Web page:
A simulated diabetes learning intervention improves provider knowledge and confidence in managing diabetes [abstract] Abstract uri icon
  • Background/Aims: Provider performance on diabetes measures is variable, and is at least partially due to differences in provider knowledge and confidence in managing patients with diabetes and multiple co-morbidities.
    Objective: To evaluate whether a simulated learning program can improve provider knowledge and self-confidence in diabetes management.
    Methods: 19 primary care residency programs and 341 consented residents were randomized to (a) intervention (177 residents) or (b) control (164 residents) conditions. Intervention subjects were assigned 18 learning cases using SimCare Diabetes, a web-based immersive simulation program that challenges providers to achieve blood sugar, blood pressure, and lipid goals in 6 months of simulated time, as well as to address other issues such as severe obesity and insulin resistance, hypoglycemia, depression, obstructive sleep apnea, and non-adherence. Between simulated encounters with a patient, providers receive personalized feedback on progress to goals and treatment actions taken or omitted. 92 intervention and 128 control subjects completed a post-intervention follow-up online survey with 10 multiple choice knowledge and 5 self-confidence assessment questions using a 5-point Likert scale (1=not at all confident, 5=very confident). Mean (95% CI) knowledge test and self-confidence measures, adjusting for residency program clustering, were compared by group.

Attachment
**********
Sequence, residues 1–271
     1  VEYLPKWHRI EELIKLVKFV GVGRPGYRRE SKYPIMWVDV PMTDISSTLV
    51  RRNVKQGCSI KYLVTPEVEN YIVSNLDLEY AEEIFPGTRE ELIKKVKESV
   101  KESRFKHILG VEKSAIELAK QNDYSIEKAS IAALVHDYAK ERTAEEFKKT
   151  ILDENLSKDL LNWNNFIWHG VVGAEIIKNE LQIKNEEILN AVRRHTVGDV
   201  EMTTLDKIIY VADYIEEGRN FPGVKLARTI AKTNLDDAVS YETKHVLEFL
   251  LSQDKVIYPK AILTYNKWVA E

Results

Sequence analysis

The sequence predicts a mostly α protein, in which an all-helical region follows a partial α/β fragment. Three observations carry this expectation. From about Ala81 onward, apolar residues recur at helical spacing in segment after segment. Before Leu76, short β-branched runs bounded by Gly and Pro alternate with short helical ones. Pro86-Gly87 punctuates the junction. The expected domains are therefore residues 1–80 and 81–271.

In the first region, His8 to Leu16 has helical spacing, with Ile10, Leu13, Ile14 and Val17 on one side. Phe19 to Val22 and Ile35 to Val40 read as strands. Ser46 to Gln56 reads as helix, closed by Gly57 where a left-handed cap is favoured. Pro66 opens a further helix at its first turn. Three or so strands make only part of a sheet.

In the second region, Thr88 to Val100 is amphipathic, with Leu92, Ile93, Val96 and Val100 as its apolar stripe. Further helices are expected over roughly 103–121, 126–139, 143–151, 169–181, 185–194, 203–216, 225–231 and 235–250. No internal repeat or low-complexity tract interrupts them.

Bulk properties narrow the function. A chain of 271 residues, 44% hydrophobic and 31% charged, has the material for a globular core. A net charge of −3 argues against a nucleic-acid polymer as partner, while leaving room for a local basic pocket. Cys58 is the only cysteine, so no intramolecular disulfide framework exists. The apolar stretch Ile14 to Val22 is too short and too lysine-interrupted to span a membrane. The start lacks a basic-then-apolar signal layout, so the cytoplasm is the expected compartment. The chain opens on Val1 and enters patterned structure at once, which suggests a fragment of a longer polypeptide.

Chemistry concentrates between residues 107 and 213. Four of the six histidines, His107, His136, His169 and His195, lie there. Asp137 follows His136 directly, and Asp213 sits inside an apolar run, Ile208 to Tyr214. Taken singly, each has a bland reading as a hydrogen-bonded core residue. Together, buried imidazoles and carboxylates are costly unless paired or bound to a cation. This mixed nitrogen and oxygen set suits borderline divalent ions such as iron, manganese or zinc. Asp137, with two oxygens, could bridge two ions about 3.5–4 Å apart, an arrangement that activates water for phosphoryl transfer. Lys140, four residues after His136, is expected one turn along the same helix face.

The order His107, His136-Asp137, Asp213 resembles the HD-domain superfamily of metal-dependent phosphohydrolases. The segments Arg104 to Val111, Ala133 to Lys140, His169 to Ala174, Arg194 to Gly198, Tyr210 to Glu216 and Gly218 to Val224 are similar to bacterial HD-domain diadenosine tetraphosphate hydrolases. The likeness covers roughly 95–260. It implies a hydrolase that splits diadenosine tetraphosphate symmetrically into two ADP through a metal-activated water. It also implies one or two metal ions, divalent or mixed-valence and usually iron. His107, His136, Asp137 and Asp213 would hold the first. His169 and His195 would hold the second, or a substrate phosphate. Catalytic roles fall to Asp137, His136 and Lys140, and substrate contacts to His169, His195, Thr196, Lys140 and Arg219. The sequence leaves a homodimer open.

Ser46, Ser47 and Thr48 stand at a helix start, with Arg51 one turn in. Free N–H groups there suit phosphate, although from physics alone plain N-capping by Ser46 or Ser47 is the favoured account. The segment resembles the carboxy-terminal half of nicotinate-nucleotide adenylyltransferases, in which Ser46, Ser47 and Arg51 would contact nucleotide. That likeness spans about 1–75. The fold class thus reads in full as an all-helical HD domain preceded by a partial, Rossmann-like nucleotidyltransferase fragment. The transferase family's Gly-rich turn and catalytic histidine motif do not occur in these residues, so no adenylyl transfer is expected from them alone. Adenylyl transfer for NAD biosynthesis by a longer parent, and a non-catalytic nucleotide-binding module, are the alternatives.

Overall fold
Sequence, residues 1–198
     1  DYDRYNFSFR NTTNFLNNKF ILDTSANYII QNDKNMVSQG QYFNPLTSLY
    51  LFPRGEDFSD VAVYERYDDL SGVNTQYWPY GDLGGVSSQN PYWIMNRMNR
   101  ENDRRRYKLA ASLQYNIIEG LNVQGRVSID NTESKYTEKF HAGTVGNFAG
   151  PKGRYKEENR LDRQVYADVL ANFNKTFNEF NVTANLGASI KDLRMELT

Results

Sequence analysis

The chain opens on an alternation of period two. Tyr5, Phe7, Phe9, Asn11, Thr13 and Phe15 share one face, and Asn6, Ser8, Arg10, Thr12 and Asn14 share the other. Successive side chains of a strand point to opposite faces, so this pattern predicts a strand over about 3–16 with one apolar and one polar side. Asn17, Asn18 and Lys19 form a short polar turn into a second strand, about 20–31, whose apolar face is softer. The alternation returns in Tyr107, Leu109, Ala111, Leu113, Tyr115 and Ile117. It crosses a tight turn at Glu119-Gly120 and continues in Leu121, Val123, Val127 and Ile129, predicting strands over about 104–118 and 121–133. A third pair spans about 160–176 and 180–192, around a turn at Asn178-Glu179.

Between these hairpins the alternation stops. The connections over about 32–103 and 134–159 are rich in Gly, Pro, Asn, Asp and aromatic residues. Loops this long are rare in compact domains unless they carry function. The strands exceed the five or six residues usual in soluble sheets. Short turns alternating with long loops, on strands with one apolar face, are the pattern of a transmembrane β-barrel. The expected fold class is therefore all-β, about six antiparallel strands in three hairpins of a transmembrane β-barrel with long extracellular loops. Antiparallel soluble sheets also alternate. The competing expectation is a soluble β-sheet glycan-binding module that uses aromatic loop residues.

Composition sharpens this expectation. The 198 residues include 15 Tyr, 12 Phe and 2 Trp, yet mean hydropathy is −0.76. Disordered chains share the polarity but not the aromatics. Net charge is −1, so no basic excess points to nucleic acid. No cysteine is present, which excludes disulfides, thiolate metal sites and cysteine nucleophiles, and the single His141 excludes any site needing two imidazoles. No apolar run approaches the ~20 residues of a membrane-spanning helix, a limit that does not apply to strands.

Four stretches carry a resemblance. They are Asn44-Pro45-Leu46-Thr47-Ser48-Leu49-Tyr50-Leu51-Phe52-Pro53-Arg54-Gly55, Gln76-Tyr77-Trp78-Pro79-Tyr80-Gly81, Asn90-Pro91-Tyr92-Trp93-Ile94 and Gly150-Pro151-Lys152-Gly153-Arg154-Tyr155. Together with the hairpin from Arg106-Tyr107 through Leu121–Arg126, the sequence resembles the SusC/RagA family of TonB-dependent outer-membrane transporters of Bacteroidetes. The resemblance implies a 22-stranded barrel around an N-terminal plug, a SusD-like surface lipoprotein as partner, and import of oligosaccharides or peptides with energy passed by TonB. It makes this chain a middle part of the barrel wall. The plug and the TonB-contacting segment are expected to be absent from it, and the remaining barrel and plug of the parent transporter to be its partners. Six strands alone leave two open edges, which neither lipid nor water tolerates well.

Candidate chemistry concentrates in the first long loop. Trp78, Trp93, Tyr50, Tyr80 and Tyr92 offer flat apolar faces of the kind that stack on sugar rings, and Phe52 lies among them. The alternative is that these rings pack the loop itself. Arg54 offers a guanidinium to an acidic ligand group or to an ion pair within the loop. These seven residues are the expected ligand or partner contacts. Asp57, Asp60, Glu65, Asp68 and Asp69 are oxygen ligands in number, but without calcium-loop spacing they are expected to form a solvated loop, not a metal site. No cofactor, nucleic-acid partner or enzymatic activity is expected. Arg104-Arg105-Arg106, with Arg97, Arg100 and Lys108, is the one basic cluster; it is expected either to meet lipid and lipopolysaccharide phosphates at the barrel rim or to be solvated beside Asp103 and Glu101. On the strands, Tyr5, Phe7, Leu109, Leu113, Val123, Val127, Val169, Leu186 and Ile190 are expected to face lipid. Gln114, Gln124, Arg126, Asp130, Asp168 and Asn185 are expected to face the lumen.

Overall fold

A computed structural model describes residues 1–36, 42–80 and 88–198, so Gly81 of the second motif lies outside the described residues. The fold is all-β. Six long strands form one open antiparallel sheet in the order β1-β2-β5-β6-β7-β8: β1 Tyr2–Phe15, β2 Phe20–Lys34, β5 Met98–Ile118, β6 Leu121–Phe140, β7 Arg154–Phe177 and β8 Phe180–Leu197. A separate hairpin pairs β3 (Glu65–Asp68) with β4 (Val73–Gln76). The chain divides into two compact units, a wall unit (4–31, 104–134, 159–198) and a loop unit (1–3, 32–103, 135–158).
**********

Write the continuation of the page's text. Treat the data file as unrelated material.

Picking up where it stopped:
Results: On knowledge testing, 46% of the intervention group answered more than half the answers correctly compared to 16% of the control group. The mean knowledge score (95% CI) was 5.31 (4.87- 5.75) for intervention and 4.1 (3.69-4.50) for control subjects (p<.001). Self-confidence measures were higher for intervention compared to control subjects for: use of all available drug classes to manage diabetes (3.64 vs. 3.09, p<.001), insulin use (4.12 vs. 3.36, p<.001), interpretation of blood sugars (4.21 vs. 3.58, p< .001), setting individualized treatment goals (4.06 vs. 3.42, p< .001), and overall confidence in managing diabetes (3.97 vs. 3.28, p< .001).
    Conclusion: An immersive online simulated diabetes learning program was effective at improving knowledge and self-confidence for diabetes management in primary care residents. Support and partnerships to maintain and spread the technology are desirable.

  • publication date
  • 2012
  • published in
  • Diabetes
  • Disease Management
  • Education, Medical
  • Informatics
  • Primary Health Care
  • Simulation
  • Additional Document Info
  • 10
  • issue
  • 3